To some extent, I think Volunteers all over the world have similar experiences. Location obviously plays a big role in dictating the work you do and the culture in which you immerse yourself, but we all share an uphill climb to enact change and a hope that what we do will be sustained after we’re gone. I’ve been corresponding with a PCV friend in Kyrgyzstan and I’m surprised by how many little commonalities have popped up. It’s a small world.
Botswana is a unique Peace Corps country – it graduated from the program in the ‘90s as the country raised itself up to middle-income status, but Volunteers returned when the government asked for help with the HIV epidemic. All Volunteers in Botswana are given an HIV focus as their primary assignments.
After the dust settled from my existential crisis a couple weeks ago, I decided to get busy. In the interest of doing something, my members and I have started planning to restart our STEPS films project at all of the schools in Rakops. The STEPS Films series was shot all over southern Africa and is constructed in a way that compels discussion. The strength of the STEPS films lies in their non-patronizing tone. They encourage thought about those issues and the message is for the audience to decide.
In the business of behavior change as a method of HIV prevention, a lot of ethical questions arise about which cultural norms should change and which should survive as African values. For example, the practice of multiple concurrent partnerships, or having many overlapping sexual partners, is seen as a big problem. In the states, we would like to say that we practice serial monogamy, and further, that it’s better. This is a complex issue that spans gender equality, human rights, and health. But in the end, there are scientific sure-fire prevention methods: wear a condom, get circumcised. These things have a data backing. Is it our place to tell men and women here which relationships are bad and which are good? Maybe we should encourage them to be honest with everyone at risk, and in the mean time give them condoms. There are no tangible ways to track the success of behavior change initiatives, aside from watching HIV infection rates over time.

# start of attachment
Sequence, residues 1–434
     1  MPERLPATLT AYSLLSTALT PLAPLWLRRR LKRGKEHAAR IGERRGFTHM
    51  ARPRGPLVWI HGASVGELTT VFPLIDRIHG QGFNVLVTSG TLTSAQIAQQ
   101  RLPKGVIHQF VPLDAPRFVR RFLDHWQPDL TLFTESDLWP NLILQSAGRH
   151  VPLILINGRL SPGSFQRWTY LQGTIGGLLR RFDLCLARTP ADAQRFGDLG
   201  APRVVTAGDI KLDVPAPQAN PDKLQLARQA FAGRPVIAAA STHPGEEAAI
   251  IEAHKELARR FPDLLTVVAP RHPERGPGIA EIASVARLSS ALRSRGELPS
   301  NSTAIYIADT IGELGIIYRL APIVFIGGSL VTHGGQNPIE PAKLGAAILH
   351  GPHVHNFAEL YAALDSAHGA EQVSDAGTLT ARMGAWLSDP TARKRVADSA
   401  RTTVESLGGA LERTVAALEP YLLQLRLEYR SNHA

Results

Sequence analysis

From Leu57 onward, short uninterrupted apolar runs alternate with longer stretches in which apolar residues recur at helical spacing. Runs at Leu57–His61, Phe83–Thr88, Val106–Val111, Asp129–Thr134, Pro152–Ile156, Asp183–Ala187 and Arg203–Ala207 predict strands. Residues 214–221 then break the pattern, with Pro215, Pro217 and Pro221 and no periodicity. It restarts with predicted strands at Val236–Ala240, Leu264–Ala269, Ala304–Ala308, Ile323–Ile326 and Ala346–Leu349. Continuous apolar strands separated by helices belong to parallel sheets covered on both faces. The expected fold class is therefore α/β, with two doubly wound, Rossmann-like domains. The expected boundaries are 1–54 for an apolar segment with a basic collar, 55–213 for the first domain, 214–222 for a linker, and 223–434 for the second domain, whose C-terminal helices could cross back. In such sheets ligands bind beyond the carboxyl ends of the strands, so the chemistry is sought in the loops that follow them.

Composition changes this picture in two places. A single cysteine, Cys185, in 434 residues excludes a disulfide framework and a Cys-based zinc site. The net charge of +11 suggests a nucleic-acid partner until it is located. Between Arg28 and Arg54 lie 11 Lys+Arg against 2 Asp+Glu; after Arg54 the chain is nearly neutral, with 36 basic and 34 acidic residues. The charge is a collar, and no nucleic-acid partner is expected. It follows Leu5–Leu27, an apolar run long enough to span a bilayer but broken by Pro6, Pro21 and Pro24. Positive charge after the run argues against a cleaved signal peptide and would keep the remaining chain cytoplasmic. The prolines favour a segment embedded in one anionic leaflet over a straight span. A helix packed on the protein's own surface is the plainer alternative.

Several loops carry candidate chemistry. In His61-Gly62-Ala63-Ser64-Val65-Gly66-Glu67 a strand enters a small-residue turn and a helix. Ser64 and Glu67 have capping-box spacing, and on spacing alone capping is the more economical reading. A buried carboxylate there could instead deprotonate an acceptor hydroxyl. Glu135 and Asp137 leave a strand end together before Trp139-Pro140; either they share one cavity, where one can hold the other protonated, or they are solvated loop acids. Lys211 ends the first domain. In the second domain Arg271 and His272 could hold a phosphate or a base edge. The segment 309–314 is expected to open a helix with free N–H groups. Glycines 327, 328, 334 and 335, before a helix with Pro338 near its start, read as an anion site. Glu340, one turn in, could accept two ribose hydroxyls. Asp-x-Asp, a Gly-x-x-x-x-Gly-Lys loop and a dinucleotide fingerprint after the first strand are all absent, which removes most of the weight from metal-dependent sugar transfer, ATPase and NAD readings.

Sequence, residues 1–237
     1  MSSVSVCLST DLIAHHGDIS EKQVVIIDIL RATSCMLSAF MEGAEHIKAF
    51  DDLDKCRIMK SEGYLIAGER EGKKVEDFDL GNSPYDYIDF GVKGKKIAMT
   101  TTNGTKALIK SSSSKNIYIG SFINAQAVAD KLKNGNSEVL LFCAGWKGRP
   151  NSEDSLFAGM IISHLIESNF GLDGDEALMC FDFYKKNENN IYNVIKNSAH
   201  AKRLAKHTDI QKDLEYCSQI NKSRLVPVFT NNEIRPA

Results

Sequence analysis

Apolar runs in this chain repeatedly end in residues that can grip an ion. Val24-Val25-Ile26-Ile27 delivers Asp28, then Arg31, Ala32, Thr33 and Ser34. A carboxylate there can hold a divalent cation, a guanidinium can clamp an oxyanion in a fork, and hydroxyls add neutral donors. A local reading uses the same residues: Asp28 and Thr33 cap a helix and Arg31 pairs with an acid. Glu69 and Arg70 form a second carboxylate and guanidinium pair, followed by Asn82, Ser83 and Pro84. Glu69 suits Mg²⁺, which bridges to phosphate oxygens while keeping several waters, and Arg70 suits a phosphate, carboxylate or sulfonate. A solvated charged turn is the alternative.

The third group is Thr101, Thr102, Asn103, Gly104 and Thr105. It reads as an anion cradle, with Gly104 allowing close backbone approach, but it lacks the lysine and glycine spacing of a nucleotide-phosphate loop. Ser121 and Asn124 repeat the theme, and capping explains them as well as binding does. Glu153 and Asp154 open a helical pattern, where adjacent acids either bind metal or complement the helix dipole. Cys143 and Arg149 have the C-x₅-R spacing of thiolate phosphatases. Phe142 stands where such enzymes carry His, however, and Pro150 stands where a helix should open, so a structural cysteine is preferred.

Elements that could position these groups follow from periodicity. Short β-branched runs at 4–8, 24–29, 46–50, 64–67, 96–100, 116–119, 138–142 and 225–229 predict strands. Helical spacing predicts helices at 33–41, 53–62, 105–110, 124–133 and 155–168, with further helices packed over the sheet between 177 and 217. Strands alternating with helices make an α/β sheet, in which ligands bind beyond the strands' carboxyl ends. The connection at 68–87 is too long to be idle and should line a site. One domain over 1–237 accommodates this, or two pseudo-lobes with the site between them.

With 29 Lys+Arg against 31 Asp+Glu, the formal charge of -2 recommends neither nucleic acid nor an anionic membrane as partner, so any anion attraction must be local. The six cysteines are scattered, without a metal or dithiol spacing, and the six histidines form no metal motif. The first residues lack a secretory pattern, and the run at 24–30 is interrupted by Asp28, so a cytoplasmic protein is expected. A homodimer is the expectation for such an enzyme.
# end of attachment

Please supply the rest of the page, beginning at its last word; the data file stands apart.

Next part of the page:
As someone who believes in science, I see more promise in increased circumcision programs for men. Data supports this – there is a significant drop in the likelihood that one will contract HIV if he is circumcised. There are also cultural barriers and ethical questions surrounding this route: should children have the right to decide if they keep their foreskins? I think this venture has a better chance of succeeding, but it will mean changing some minds. That may have been more than you wanted to know about HIV for today, but these are the projects that will consume most of my time in February.
There are still a lot of other unfinished crusades on which I have embarked and I may discuss them at a later date. It remains to be seen which ones will come to fruition, so keep your fingers crossed that the ones I care about most gain some traction. At least for now I’m occupied.